A true cloud software product is designed and developed to run right in a web browser – wherever you have a device with an internet connection, you have a web browser and therefore you have access to cloud software natively. Because all you need is a web browser, that means the software adapts to wherever you might be using it. So while on a PC you can drag-and-drop documents into the software, on a tablet you can use touch gestures to scroll and enter data. No separate apps or separate versions are required – true cloud software automatically adapts to your devices and the features built into their web browsers.
Contrasting that experience with using a remote desktop the difference is clear. Hosting a desktop-based software on a remote server might give you rudimentary ability to access and run the software from multiple locations such as on a tablet, but it remains limited by the original software itself and the confines of the desktop environment. Taking the example above – a remote desktop situation won’t give you the ability to interact using touch from a tablet – the capability simply isn’t there. Even accessing the remote desktop at all from a mobile device is dependent on the right client application being installed on all your devices and the server being compatible.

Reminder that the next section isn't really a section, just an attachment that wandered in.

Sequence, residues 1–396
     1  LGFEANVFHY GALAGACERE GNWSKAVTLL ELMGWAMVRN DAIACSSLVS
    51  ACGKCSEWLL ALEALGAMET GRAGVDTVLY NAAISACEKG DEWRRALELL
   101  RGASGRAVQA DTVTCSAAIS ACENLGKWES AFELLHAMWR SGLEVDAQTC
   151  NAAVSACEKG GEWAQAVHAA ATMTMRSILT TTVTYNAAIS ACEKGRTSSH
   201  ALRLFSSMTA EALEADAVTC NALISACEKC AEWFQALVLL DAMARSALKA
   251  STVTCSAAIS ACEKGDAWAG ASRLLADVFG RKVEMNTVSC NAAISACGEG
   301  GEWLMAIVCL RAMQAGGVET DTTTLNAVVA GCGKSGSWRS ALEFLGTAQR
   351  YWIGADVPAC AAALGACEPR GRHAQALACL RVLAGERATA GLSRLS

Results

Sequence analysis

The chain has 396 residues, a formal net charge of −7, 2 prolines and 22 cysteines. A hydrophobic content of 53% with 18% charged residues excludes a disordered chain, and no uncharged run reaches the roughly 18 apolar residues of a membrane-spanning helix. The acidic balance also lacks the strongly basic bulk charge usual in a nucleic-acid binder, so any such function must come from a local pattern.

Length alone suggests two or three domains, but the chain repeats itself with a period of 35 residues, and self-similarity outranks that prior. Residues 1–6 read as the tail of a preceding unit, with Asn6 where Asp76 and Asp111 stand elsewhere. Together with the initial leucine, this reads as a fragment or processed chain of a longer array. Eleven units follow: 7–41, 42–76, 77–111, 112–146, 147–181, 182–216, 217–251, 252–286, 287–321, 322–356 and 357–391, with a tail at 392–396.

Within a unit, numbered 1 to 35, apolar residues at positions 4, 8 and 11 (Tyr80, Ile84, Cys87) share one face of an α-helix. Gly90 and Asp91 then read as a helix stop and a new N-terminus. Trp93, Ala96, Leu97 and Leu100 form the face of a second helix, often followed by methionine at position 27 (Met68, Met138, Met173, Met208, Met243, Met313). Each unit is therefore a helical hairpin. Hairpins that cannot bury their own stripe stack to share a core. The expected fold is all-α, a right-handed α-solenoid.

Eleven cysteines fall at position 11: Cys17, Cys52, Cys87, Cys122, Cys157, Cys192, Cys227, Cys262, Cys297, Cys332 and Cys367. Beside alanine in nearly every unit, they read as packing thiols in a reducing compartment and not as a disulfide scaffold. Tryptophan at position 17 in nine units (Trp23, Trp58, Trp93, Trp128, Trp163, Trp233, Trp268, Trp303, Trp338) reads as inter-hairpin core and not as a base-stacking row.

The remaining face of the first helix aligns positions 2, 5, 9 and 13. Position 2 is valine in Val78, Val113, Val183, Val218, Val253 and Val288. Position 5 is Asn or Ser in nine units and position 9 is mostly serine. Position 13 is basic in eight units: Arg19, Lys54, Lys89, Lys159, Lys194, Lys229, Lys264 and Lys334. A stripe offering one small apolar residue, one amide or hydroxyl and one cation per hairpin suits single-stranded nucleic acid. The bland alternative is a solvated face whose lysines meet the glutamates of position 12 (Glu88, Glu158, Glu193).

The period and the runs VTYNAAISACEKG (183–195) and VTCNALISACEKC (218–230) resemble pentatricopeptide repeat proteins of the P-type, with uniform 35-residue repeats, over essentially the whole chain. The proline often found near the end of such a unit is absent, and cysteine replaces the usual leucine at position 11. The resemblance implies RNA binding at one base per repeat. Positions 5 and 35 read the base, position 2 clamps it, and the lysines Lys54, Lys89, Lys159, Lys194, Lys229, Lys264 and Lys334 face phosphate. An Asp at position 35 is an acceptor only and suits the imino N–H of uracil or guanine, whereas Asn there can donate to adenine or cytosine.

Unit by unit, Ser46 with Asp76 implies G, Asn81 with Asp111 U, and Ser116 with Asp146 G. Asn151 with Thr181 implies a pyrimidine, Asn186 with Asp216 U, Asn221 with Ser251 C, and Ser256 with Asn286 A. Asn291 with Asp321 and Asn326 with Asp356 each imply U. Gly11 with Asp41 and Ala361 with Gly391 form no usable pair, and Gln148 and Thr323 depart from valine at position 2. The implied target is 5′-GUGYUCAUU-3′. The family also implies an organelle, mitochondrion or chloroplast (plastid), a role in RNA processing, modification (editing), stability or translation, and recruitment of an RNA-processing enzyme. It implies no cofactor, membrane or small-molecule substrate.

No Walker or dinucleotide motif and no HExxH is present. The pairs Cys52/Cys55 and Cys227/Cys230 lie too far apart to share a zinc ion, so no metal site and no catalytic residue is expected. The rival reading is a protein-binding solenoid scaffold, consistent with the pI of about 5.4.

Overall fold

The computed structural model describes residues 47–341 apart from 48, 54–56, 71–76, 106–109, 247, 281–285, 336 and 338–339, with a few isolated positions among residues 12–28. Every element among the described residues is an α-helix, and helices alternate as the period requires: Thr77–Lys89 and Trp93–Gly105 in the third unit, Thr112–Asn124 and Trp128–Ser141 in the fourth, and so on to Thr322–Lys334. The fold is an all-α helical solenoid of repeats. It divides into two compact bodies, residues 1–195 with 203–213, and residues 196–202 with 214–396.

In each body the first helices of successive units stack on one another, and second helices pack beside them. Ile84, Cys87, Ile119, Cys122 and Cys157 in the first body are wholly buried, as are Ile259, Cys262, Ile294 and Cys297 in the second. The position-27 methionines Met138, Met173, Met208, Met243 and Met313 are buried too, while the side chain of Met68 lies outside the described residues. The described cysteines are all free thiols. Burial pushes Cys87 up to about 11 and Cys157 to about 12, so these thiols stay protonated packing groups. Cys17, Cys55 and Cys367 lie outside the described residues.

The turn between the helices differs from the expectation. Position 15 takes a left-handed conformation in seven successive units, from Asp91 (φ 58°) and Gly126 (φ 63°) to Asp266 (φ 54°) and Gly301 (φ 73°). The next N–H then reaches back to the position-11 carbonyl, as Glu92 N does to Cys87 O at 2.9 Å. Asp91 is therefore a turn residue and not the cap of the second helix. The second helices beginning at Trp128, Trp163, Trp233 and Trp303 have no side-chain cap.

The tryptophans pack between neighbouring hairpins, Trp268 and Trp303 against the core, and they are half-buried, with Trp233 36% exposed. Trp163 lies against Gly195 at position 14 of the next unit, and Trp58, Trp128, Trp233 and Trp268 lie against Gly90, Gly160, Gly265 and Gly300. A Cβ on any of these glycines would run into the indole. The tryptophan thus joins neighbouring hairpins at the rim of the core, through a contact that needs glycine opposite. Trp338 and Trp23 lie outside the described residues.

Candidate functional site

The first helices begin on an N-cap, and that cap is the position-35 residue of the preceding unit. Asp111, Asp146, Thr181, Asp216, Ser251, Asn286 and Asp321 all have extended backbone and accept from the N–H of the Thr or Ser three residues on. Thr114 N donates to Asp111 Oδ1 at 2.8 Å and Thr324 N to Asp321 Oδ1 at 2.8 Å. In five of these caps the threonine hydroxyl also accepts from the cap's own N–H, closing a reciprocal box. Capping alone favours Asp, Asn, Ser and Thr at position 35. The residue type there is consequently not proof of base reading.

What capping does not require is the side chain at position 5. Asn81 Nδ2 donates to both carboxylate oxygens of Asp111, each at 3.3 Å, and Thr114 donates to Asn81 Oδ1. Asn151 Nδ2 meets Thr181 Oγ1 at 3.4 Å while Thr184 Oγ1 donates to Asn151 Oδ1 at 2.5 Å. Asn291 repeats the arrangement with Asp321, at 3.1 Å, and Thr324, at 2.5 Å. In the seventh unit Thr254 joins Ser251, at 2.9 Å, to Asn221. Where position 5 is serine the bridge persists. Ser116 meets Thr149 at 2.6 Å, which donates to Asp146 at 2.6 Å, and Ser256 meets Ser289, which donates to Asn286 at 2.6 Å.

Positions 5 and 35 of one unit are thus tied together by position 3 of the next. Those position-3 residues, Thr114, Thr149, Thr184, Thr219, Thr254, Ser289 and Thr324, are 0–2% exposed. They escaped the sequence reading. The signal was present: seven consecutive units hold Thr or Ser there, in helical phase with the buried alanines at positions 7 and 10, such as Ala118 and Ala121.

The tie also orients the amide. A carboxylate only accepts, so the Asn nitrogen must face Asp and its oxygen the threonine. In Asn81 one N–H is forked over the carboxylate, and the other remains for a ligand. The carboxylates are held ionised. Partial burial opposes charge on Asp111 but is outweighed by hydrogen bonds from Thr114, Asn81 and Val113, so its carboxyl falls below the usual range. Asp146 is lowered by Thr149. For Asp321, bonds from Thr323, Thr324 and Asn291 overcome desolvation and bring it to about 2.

Aside from the difference in end-user experience, there is a clear advantage of true cloud software in terms of the server infrastructure which powers the software. Cloud software is typically powered by dedicated and purpose-engineered web application servers, so that the full power of the equipment is going to running the features of the software, transparently to the user. With a remotely-hosted desktop, all the traditional infrastructure and overhead of an IT environment has to be maintained, leaving users open to the same performance and reliability issues that have always been present in such environments.